How Divorce Affects Equity Awards
November 06, 2023
In the blog, I cover why companies should consider transfer policies for divorce and examine considerations around allowing legal transfers of awards versus requiring that employees retain legal ownership of their plan awards/options/shares and transfer only the economic interest in their stock plan holdings.
Should Companies Have a Transfer Policy for Divorce?
Before you skip ahead, thinking that you may already have policy language within your plan, the policy we are talking about is more than just the blanket “transfers are prohibited” paragraph found in some stock plans. I’ll get into that nuance, but let’s first understand why a transfer policy for stock plans is recommended.
First, other voluntary company benefit plans that hold assets, such as a 401(k) retirement plan, are likely covered under the Employee Retirement Income Security Act of 1974 (ERISA). ERISA is a federal law that sets minimum standards to protect employee participants in voluntary retirement and health plans. As such, when a divorce occurs and assets under a plan subject to ERISA are affected, a divorcing party may obtain a Qualified Domestic Relations Order (QDRO), which is a specific type of court order that recognizes the right of an “alternate payee” to receive all or part of a retirement or pension plan that belongs to another person. So if a non-employee spouse presents a QDRO to the company’s 401k sponsor, then the 401k sponsor would typically be obligated to comply with the order to divide and distribute the assets in the 401k plan.
In the case of equity plans, they are not subject to ERISA, and the same plan sponsor obligation to comply with a QDRO would not apply. Essentially, the company is not obligated to transfer shares underlying or issued in connection with equity awards. This absence of a clear path to settling/distributing domestic claims related to stock plan awards/shares drives the recommendation that divorce oriented plan language is needed for stock plans.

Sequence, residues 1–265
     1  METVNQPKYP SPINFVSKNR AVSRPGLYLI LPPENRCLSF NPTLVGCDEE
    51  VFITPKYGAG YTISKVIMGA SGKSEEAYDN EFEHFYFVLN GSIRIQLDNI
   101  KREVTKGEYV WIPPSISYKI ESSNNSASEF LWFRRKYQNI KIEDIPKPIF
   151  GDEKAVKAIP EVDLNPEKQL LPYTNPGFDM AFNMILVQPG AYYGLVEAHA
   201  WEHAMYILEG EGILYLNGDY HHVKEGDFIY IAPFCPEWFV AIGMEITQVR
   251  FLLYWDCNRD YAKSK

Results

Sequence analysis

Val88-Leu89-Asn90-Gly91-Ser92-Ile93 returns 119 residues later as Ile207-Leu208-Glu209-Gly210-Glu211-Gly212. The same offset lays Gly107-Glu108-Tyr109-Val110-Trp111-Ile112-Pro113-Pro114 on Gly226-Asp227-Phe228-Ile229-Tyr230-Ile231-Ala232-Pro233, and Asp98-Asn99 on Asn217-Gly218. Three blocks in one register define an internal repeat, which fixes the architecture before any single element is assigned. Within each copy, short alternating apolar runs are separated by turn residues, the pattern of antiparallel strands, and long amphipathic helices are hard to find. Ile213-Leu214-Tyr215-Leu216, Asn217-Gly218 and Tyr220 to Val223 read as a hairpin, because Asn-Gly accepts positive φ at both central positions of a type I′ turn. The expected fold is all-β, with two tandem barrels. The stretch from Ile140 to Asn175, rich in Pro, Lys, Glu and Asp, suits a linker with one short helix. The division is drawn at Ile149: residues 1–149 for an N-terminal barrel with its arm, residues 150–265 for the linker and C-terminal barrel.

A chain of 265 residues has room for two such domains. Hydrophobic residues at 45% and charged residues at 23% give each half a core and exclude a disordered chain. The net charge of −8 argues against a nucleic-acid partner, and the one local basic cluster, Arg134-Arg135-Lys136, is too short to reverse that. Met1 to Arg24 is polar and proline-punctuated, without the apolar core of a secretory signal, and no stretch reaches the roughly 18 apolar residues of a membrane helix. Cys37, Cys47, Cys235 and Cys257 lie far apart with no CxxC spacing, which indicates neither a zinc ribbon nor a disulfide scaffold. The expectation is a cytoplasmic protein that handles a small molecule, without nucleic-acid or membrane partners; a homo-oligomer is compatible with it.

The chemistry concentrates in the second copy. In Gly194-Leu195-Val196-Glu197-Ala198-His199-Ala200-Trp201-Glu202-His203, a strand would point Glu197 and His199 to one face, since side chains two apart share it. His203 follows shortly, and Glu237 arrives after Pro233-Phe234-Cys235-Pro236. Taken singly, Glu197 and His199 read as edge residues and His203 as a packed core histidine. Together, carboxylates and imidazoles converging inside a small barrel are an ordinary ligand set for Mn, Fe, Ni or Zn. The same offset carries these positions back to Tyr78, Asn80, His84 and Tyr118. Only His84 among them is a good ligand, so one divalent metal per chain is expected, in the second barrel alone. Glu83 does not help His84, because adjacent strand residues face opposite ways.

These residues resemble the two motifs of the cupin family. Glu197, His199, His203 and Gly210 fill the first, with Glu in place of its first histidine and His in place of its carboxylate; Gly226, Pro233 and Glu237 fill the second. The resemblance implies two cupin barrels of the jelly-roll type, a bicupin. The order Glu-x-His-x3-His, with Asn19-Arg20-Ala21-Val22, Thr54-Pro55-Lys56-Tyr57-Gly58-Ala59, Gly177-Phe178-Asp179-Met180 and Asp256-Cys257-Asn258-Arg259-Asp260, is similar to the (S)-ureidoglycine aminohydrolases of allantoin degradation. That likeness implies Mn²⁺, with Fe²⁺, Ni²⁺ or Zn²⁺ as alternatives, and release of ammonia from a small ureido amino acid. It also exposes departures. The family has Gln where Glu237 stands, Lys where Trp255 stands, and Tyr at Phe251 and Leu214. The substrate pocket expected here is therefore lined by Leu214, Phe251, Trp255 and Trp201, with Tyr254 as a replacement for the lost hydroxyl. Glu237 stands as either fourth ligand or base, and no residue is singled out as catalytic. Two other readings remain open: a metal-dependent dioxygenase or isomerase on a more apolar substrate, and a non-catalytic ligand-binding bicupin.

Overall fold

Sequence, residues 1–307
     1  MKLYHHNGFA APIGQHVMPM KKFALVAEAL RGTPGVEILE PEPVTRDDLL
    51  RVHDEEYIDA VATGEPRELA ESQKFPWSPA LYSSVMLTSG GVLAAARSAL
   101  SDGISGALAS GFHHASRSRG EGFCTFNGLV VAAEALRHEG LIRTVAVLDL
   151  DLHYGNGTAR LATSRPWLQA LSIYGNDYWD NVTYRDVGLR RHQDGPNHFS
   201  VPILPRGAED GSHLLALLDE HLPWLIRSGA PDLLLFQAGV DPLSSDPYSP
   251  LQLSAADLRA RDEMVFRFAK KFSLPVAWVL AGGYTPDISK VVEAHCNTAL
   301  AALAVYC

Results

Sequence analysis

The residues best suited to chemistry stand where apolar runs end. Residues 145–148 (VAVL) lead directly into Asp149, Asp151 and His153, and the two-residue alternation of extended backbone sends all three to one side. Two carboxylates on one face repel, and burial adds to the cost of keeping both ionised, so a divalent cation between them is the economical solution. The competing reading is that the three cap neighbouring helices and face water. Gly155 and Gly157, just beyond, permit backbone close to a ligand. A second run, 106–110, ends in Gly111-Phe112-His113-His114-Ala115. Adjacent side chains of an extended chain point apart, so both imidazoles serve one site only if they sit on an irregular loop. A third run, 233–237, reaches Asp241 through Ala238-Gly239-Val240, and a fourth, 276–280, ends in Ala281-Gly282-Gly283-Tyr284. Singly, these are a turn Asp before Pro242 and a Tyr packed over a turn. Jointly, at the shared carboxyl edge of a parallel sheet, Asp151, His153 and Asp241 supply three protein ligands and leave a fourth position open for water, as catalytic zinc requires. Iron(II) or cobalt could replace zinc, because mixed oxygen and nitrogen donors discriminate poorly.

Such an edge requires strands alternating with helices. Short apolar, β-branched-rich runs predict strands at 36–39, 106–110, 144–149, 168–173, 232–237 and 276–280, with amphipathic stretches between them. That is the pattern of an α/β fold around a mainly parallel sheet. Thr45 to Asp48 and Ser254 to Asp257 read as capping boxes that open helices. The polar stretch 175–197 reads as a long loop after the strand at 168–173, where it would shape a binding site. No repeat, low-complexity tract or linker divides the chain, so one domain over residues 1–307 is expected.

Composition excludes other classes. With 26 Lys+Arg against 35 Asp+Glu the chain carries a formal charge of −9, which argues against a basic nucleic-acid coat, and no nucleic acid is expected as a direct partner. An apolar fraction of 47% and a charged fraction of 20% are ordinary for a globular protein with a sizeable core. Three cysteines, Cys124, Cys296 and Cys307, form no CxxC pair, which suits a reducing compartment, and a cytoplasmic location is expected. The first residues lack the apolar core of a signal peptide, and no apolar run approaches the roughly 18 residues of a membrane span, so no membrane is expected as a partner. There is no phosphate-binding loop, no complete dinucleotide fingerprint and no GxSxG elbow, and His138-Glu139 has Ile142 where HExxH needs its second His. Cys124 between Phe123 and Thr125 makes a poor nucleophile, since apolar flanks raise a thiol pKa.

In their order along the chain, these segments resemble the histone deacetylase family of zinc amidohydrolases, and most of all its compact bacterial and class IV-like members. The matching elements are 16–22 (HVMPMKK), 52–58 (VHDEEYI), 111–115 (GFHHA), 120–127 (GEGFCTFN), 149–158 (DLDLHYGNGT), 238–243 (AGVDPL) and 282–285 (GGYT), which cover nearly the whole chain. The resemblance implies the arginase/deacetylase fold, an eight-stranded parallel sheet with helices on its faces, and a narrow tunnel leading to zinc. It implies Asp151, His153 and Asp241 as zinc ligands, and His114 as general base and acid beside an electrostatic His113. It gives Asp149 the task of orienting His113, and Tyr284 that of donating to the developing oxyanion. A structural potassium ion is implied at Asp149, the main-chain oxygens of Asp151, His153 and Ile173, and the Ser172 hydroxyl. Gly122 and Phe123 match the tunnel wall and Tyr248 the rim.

We’ve established that a policy to define how a company will handle divorce scenarios is recommended. Let’s go back to the fact that some stock plans do already contain general language that prohibits transfers – which sounds like a good approach towards nudging employees to solve distribution of their assets in another means besides transfer (for example, by the transfer of economic value of the shares instead of the actual transfer of shares). Is this the same as having a transfer policy?
Prohibitive language around transfers in the plan sounds ideal at surface evaluation, but our panel points out that there are concerns with reliance on such general language to address divorce transfers. For one thing, courts may tend to narrowly interpret language that prohibits transfers. A plausible scenario is that a court interprets divorce related transfers to be involuntary, and in turn regards general language prohibiting transfers as non-enforceable by the company. Having a clearly defined policy, including who is covered and what types of transfers are permitted, will prevent such a scenario.
What Should be Covered in a Transfer Policy?
As noted above, the plan document should specify whether equity awards can be transferred pursuant to divorce. In addition to this, here are some things you might want your policy to cover:
- How will requests to transfer award be handled? For example, if the plan prohibits transfer and a court orders that the awards be transferred anyway, how will the company address this situation? Will you require the divorce settlement to be redrawn or find a way to comply with the request?
- If the economic interests only are transferred, will the company enforce this or is compliance entirely at the discretion of the employee?
- What paperwork is required for the company to process the transfer? This is clearly an important policy if the company allows legal transfers, but can also be relevant if economic interests are transferred and the company will be involved in facilitating transfer of the shares or proceeds to the ex-spouse.
- Who reviews the paperwork to ensure that the company's understanding of the division of assets is accurate? How will the company handle a situation where the division of assets isn't clear?
- Who is responsible for communicating with the ex-spouse? Will all communications have to go through the employee? What if the employee terminates, reducing the period in which options can be exercise and resulting in forfeiture of any unvested awards--who is responsible for communicating this to the ex-spouse?